But, in New York’s defense, Redeemer might be hard for a secular New Yorker to notice. As Joseph Hooper, the article’s author, explains, the church’s parishioners look just like everybody else. They “don’t fit the easy Bible Belt stereotypes. They are a cross-section of yuppie Manhattanites—doctors, bankers, lawyers, artists, actors, and designers, some of them older, most of them in their twenties or thirties.” To prove this point to skeptical readers, the magazine provides snapshots of fashionably dressed twentysomething parishioners.
Hooper also makes an admirable effort to understand what it is about Keller that draws nearly 5,000 New Yorkers to hear him preach each Sunday. The author notes, with some surprise, that “Keller doesn’t speak in theatrical, over-the-top tones but in a soft, conversational manner, as if he’s sharing a confidence with a friend.” Hooper also tells us that Keller references Salon.com in his sermons and his study is “lined with bookcases.” Keller’s office, Hooper says, “could belong to a professor or a shrink.” One might be led to think, from the hint of wonder in Hooper’s tone, that New Yorkers flock to Reedemer just to see the spectacle of an evangelical pastor who knows how to read.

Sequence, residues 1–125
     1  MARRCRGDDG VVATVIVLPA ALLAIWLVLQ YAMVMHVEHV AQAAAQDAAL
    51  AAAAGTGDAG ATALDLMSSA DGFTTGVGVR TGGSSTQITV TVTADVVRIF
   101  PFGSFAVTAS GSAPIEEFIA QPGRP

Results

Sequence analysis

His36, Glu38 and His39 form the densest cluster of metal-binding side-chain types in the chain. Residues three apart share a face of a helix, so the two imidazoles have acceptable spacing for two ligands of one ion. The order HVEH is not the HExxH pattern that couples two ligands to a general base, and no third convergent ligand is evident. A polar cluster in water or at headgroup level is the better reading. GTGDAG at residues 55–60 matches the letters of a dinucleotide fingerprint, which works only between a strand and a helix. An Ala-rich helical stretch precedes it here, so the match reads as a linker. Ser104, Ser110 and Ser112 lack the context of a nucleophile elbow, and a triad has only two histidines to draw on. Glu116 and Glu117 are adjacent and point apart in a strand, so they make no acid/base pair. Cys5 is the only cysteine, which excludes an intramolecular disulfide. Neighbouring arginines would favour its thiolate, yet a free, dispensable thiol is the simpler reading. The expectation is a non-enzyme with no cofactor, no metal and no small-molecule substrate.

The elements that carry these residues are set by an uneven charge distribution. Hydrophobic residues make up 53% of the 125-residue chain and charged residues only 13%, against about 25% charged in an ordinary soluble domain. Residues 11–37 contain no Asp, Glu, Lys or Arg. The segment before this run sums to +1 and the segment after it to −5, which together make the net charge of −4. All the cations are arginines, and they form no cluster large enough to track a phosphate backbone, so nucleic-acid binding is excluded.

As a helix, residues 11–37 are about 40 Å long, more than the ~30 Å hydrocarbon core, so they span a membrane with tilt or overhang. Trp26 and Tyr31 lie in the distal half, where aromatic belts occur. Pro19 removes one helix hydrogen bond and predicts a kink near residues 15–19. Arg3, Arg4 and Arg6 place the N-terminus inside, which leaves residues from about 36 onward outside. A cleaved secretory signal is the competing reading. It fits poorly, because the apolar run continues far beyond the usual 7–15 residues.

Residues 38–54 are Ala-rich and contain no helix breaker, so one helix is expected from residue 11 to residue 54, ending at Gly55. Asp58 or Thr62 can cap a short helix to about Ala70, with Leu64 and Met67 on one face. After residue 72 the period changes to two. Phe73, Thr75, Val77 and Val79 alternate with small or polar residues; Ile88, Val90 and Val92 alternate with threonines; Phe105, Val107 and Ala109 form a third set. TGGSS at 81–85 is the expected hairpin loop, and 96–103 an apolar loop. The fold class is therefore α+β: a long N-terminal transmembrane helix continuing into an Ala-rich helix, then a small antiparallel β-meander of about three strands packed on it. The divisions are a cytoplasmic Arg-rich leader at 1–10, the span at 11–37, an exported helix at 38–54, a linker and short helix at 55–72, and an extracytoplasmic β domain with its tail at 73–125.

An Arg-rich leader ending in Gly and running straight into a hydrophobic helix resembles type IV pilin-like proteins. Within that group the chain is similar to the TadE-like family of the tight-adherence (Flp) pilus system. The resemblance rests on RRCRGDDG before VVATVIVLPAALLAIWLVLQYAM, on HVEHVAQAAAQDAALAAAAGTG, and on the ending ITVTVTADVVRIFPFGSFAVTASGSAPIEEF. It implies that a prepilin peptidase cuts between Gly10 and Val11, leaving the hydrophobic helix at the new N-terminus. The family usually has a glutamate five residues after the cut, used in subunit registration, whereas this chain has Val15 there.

To his credit, Hooper does seem to grasp the message Keller preaches and its appeal to career-driven New Yorkers. The New York author might be surprised to learn, however, that this is, in fact, the same message that brings most of us to the pews on Sunday mornings: Keller “wants to call people’s attention to the emptiness of a way of living that overvalues worldly achievement and to help them see the spiritual benefits of accepting Jesus Christ, and all he stands for, as their savior.”
• Archbishop Timothy Dolan of New York caused a stir when he accused the New York Times of anti-Catholicism. In an October 29 blog post originally submitted to the Times as an op-ed piece, Dolan cited four recent examples from the paper to show that the Times has been unfair in its treatment of the Catholic Church. The archbishop’s post sparked a reply by Clark Hoyt, the Times’ public editor. “I think it is hard to pick a handful of examples, as Dolan did, and make a case that the Times has been ‘anti-Catholic,’” Hoyt wrote in his column on November 8. “Could the newspaper sometimes choose a better word in a story or pay more attention to transgressions in other parts of society? Yes. Has it been guilty of anti-Catholicism? I don’t buy it.”